The following is a guest post by Theresa Lou, research associate in the International Institutions and Global Governance program.
After Burundian lawmakers voted overwhelmingly to withdraw from the International Criminal Court (ICC) on October 12, South Africa and Gambia quickly followed suit and declared their own decisions to leave the court. This isn’t the first time that member nations have threatened to withdraw from the court, but none has ever followed through. This time, however, the ICC’s future seems less certain. Other ICC members, such as Kenya and Uganda, may seek to “capitalize on the momentum,” as Indiana University Professor David Bosco told the New York Times, prompting concerns that the ICC will soon face an African exodus.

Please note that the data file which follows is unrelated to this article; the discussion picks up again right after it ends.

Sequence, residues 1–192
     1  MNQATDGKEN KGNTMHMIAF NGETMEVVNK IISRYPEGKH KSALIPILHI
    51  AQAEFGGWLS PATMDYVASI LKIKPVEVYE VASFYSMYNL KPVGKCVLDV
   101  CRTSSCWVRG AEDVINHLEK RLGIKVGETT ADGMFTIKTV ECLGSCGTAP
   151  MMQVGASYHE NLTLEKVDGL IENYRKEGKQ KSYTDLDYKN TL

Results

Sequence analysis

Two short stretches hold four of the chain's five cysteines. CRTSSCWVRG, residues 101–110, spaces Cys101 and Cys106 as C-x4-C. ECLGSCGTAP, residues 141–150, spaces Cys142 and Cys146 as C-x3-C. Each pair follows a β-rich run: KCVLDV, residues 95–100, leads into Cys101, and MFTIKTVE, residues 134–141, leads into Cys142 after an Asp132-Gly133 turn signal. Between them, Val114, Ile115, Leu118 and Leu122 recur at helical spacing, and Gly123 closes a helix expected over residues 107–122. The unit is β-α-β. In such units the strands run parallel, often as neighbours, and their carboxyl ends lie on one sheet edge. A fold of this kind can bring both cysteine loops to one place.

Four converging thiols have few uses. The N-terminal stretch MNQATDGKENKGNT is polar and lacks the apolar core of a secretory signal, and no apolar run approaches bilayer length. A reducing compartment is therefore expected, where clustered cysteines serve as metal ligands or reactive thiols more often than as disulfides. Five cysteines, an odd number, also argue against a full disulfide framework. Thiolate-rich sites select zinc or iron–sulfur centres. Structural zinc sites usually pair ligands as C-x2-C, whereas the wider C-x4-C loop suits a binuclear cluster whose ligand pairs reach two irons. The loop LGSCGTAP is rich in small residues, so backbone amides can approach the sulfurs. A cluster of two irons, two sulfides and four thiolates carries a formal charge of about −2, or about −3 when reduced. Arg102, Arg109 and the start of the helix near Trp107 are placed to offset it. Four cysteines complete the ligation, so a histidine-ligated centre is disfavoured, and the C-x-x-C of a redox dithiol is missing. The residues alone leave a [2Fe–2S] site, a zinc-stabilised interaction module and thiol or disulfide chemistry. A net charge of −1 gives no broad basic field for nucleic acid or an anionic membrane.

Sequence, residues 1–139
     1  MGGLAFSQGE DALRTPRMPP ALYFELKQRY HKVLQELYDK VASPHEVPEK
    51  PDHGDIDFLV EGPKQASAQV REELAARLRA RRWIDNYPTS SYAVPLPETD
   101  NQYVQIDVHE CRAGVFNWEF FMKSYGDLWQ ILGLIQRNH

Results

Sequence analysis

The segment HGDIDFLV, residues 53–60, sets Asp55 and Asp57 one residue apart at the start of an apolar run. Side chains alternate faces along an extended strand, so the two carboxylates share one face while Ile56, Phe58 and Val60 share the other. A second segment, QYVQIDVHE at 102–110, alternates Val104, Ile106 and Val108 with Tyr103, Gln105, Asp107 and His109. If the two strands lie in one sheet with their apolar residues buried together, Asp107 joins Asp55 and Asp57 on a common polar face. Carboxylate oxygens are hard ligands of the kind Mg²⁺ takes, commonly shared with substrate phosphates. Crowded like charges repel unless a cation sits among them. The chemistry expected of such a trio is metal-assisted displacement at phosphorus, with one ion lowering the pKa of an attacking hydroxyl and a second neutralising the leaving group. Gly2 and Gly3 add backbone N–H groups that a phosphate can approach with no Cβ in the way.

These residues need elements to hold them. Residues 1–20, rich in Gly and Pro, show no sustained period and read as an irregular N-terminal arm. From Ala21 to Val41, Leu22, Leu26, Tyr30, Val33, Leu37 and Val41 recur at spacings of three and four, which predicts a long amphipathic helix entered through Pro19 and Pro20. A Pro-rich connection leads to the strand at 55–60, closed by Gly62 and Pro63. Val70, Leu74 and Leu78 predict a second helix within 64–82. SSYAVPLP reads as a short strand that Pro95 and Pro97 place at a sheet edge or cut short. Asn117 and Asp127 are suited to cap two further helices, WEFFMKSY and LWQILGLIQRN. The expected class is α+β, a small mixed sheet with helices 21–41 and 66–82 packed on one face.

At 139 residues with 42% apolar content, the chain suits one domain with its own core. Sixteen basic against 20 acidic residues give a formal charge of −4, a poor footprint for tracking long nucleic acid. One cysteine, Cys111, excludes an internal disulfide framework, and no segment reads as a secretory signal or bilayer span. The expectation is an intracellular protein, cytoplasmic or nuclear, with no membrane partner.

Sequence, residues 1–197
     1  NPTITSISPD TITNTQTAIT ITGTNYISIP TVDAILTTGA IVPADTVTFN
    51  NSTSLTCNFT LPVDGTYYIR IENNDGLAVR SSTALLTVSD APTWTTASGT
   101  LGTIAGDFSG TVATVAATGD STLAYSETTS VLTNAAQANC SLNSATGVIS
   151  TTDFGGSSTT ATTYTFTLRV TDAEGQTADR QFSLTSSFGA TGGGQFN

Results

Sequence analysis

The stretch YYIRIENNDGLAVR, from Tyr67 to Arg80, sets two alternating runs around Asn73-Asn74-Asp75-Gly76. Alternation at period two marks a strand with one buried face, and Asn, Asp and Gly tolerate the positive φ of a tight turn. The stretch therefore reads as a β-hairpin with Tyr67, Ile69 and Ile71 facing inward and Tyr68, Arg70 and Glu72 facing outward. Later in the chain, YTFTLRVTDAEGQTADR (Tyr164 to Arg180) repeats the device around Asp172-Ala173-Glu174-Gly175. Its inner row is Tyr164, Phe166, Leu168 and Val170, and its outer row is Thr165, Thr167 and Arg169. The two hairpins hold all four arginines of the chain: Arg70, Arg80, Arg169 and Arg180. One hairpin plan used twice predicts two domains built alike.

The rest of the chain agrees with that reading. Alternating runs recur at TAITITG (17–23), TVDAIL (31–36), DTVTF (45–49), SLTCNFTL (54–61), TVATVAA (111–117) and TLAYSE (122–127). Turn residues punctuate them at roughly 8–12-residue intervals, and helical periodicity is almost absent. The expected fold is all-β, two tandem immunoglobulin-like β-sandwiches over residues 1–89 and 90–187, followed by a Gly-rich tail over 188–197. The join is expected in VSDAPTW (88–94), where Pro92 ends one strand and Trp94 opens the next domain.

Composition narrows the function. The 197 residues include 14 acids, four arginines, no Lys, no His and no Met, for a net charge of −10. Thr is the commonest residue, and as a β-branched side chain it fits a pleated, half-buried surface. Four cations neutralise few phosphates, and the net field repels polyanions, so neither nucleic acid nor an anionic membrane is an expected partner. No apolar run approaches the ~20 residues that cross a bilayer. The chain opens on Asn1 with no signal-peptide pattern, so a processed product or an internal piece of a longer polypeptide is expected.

In an article just published by Foreign Affairs, I argue that despite the ICC’s flaws—such as limited political will and uneven membership—it remains crucial to combating impunity, especially among high-level officials that have committed unspeakable crimes. To abandon the ICC would be to betray victims of atrocities everywhere.